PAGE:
Three clear show jumping rounds in the CCI4*-S at the Plantation Field International Three-Day Event have placed Allie Knowles in first, third, and sixth place with Ms. Poppins, Morswood, and Business Class all owned by Katherine O’Brien. Phillip Dutton and Caroline Moran's Quasi Cool, a 10-year-old Holsteiner gelding (Quo Vados I x B-Estelle) kept their cool to put in a double clear round and move up to second from overnight third place.
Knowles said that Ms. Poppins, a 10-year-old Westphalian mare (Congress x Copa Cabana), with who she currently has the lead, has been a bit stronger and a bit better with each outing this competition season.
“She’s always been such a trier – she was born a trier – and now she’s starting to get the strength to show off her movements and have a bigger presence in the dressage,” she said. “I felt like that was the next step, and there’s more in there.”
In today’s show jumping, Knowles said, “All three horses that I’m riding here are super jumpers, but all three have a very different way of going. I’m trying to find a warm-up that works for each of them; I worked on a lot of counter-canter with her. She’s not hot, she’s very literal, so if I say go she goes, and if I say stop she stops, so I need to be sensitive. She’s also as honest as the day is long, so as long as I point her in the right direction, she’s definitely going to try.”
Looking forward to tomorrow’s cross-country phase she said, “I’m not the fastest cross-country rider, so I just need to be efficient. I have my eye on the bigger prize this fall, taking her and Business Class to Morven Park and Morswood to the Maryland 5 Star.
“He’s my little pony,” she said of Morswood, the 13-year-old Irish Sport Horse gelding (Ricardo Z x Princess In Arms) who currently sits in third. “He’s just a little chestnut cross-country machine; he’s struggled with the show jumping and today we had it, and that was a big deal, to jump a clean round. All three of them have been ticking away and getting better at each event, so I’m just trying to take it one ride at a time, one phase at a time, and just stay focused.”
Kurt Martin Claims CCI3*-S Win
With just one horse to ride this weekend, Kurt Martin was able to put all of his focus on Debbie Adam's 9-year-old Holsteiner mare, D.A. Lifetime (Flemmingh x Timeless) to bring home the win in the CCI3*-S on a score of 26.9. Caroline Martin and her own 8-year-old gelding HSH Vamonos (Adiamo VH Kapelhof Z x Quasimodelle Kapekhof Z) placed second on 28.2, and Mia Farley rounded out the top three with Phelps, David O'Connor's 8-year-old Thoroughbred gelding on a 29.3.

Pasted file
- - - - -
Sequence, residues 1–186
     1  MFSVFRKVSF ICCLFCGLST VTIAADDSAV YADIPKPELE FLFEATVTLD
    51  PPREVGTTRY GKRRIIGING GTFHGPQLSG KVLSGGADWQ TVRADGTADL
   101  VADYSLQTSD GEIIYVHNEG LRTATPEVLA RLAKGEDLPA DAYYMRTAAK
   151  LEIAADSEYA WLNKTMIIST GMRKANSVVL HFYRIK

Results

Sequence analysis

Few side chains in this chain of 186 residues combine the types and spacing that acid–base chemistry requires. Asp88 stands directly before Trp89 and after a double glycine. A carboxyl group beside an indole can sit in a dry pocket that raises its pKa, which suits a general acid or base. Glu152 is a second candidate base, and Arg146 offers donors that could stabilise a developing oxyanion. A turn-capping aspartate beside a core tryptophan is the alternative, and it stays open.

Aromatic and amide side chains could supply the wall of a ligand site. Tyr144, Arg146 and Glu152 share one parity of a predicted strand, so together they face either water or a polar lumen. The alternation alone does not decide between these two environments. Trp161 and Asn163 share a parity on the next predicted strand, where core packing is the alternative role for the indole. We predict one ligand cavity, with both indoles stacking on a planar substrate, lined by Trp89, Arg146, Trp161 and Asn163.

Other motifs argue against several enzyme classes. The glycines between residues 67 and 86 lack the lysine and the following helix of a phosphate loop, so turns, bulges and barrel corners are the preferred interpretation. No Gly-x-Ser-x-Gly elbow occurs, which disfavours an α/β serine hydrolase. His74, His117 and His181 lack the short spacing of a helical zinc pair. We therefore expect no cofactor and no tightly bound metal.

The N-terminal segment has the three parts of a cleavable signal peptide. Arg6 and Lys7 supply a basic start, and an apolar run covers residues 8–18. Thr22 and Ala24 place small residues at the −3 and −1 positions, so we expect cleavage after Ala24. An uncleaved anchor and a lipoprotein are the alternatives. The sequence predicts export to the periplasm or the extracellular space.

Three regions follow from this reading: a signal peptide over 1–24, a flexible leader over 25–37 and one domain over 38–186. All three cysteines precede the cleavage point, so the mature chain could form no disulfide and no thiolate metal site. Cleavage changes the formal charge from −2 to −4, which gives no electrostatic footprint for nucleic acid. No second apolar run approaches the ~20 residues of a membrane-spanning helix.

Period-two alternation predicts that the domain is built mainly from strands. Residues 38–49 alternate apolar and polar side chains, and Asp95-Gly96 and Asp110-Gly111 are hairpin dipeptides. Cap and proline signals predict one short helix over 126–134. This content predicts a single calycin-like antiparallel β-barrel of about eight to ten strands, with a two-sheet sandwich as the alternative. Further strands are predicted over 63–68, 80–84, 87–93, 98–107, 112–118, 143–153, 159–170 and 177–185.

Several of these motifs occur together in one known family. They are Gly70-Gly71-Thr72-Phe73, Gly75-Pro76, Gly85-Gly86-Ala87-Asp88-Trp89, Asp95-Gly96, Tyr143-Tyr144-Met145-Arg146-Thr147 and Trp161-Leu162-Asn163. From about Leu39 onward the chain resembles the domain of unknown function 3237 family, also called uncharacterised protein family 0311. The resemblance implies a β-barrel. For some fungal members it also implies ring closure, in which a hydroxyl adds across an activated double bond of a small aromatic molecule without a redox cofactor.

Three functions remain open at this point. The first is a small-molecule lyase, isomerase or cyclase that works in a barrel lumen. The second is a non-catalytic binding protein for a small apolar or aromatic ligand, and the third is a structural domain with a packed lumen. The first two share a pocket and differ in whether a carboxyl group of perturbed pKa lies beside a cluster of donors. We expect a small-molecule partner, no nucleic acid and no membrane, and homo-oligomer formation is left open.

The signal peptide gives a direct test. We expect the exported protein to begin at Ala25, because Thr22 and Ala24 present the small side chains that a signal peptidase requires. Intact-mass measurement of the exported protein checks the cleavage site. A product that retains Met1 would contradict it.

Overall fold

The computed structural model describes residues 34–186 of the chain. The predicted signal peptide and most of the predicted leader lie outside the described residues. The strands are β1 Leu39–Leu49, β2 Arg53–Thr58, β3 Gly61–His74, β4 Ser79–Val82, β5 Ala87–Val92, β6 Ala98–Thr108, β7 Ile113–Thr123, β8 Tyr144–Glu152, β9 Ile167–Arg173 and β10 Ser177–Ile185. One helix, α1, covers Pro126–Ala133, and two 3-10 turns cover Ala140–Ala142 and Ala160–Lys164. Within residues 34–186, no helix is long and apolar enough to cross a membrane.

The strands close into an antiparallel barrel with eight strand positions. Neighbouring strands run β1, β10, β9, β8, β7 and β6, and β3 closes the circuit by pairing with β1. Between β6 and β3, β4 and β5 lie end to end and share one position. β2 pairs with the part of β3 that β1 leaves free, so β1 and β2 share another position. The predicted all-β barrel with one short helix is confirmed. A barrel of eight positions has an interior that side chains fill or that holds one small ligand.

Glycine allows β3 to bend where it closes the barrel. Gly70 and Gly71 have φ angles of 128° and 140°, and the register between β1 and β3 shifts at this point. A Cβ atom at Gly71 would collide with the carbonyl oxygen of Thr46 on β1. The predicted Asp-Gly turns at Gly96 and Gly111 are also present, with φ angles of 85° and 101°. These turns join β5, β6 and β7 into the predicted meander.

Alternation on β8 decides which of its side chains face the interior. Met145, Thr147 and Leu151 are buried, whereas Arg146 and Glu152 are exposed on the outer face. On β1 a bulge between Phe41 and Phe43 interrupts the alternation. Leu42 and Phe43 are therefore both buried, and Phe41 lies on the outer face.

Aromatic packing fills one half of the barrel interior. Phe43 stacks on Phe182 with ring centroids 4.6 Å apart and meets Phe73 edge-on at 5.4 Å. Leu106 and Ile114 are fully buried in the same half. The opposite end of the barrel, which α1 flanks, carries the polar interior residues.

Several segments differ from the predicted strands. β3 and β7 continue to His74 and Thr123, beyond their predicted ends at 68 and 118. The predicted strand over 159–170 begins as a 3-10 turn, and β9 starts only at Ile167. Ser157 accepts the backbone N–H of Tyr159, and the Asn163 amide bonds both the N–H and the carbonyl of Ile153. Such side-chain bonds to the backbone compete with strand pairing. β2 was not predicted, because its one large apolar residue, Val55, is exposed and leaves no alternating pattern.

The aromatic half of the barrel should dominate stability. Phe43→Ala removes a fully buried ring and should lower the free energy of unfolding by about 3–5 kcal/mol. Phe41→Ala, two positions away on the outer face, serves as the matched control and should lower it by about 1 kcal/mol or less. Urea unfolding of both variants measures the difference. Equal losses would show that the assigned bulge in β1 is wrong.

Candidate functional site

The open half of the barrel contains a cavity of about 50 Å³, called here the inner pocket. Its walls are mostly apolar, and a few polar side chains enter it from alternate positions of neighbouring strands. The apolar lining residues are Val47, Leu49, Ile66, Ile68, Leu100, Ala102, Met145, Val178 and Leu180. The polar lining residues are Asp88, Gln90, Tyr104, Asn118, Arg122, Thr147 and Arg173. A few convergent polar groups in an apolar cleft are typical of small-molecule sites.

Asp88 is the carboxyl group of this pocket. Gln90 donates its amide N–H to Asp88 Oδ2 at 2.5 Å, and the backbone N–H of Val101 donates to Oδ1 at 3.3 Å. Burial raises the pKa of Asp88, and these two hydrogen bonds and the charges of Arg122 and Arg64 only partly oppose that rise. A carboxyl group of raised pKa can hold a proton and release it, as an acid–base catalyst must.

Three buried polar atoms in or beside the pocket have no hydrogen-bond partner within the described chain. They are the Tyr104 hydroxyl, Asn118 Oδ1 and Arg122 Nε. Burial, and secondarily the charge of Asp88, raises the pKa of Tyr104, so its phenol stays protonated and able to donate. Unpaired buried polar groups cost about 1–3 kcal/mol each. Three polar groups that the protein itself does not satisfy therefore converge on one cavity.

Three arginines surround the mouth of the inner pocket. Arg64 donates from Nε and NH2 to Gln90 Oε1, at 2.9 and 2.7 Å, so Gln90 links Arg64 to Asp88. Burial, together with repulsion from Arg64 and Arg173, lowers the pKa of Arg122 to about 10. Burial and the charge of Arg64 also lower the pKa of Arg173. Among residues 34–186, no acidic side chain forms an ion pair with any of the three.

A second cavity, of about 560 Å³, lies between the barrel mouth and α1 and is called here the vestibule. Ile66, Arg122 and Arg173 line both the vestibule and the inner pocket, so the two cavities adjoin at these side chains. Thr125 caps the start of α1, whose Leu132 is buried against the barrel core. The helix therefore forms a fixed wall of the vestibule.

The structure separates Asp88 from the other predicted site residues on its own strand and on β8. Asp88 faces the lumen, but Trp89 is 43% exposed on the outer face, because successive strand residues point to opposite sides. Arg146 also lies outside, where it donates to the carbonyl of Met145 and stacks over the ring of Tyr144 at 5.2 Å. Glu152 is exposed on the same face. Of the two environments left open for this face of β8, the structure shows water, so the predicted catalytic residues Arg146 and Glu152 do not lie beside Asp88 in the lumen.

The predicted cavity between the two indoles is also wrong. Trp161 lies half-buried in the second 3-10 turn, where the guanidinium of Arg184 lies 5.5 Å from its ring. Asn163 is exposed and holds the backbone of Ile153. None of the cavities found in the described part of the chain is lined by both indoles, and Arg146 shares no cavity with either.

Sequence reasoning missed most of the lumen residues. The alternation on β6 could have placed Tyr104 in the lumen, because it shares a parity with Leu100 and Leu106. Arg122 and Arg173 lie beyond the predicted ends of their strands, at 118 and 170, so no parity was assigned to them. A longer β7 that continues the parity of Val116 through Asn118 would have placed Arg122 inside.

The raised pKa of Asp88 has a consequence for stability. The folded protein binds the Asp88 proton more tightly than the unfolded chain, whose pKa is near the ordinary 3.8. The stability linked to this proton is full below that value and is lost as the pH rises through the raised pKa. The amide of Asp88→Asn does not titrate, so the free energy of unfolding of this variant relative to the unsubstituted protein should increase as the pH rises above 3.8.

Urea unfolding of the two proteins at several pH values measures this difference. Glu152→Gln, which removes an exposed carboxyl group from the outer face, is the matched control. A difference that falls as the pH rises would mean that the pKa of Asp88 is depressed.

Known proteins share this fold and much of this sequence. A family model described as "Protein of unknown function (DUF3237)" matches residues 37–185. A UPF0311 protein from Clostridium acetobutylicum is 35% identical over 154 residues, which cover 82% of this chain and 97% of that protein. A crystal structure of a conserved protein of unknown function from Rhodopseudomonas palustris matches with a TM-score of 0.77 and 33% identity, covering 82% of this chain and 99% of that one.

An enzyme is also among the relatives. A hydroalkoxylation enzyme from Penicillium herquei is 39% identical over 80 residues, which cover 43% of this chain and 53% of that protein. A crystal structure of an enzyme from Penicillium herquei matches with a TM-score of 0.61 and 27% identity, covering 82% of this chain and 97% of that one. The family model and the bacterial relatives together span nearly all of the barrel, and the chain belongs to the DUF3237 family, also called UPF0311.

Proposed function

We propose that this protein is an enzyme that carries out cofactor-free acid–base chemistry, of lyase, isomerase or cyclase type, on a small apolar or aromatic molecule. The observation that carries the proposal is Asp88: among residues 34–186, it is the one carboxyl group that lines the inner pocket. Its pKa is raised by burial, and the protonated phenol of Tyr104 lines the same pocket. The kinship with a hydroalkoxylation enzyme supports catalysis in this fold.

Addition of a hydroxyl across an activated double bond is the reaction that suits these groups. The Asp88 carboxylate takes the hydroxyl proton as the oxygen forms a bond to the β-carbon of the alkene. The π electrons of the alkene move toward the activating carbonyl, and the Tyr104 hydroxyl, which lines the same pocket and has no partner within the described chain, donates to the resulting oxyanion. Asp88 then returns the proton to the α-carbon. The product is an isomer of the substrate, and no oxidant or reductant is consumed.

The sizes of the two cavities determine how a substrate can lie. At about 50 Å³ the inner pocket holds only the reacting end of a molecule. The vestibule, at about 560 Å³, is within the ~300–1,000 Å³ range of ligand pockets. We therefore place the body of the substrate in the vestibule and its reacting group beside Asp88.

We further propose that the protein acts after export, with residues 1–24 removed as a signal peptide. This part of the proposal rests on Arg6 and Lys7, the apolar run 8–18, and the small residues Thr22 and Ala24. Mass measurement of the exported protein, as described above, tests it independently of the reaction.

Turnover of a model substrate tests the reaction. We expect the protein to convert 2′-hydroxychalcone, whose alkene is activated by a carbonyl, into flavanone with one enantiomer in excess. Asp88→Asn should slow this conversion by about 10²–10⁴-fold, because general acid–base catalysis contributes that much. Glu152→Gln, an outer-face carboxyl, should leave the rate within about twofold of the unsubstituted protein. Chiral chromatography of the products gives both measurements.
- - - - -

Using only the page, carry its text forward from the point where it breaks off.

“I’ve never had a horse go better on the flat in my entire life,” Martin said. “We got here on the hilltop and she was just lit, so we had to take her for a little trot to settle down but when we went in the ring she just came right. She went in the ring and did a great test; at Great Meadow she did a great test also, so she’s showing some consistency. Honestly, we’ve been working a lot with my good friend Tom Bebb in the show jumping and he’s been helping me a lot. We had a real plan for the warm-up; he wasn’t here, but we had a plan for what we wanted to do with the horse. She jumped a good round and we were really happy with her. I think she just tries so hard. Sometimes you have to wrangle a very big, excited horse and get her to go the right direction, and that went well.”
Martin said that because the mare gets excitable he didn’t bring her to the cross-country warm-up area.
“I just brought her straight out of the barn,” he said. “She has a new bit, it’s a rubber bit so it’s not too severe, but it has a port and a control strap and it helps her hold her head up. I’m able to go a bit quicker with it. The owners, Debbie Adams and Tony Risotti, have really let me spend a lot of time on the horse, and we wouldn’t be here if we hadn’t put that time into her. We bought the horse in Germany a few years ago and Debbie had her for a year and then I got her two years ago. She’s about 17.2, she’s a big horse, and we’ve really taken our time and developed consistency. If the horse is on your side and trying then you have a really good chance. She really tried in the show jumping and on cross-country she was just ready to roll.”
The competition continues tomorrow with the CCI4*-S cross-country and CCI2*-S show jumping.
Lisa Pragg is a busy woman, but between her normal day job and competing her own 19-year-old Thoroughbred Impeccable she still prioritizes time to volunteer - both at horse trials and as a volunteer firefighter. Pragg understands the importance that volunteers play in the eventing community and makes sure to give whatever time she can back as a fair gesture.
Attention USEA members! Registration for the 2022 USEA Annual Meeting & Convention is now open! The convention will be held in person on December 7-11, 2022 at the Hyatt Regency Savannah Hotel in Savannah, Georgia.
The United States Eventing Association (USEA) is proud to announce the selected Young Rider athletes for the Emerging Athletes 21 Program (EA21) national camp, now that the EA21 regional clinics have concluded. Twelve riders were accepted into each of the five regional EA21 clinics, taught by USEA Eventing Coaches Program (ECP) instructors, and now riders have been selected from the regional clinics to participate in the inaugural EA21 national camp this winter.
Ninety percent of training a horse is getting the horse to understand exactly what you want them to do. In general, horses are generous and willing creatures who want to please us; very seldom do they behave badly on purpose. Horses don’t come out and say, ‘Let’s make Mom’s (or Dad’s) life miserable today by going as poorly as possible - most prefer to do the right thing, as long as they know what that is.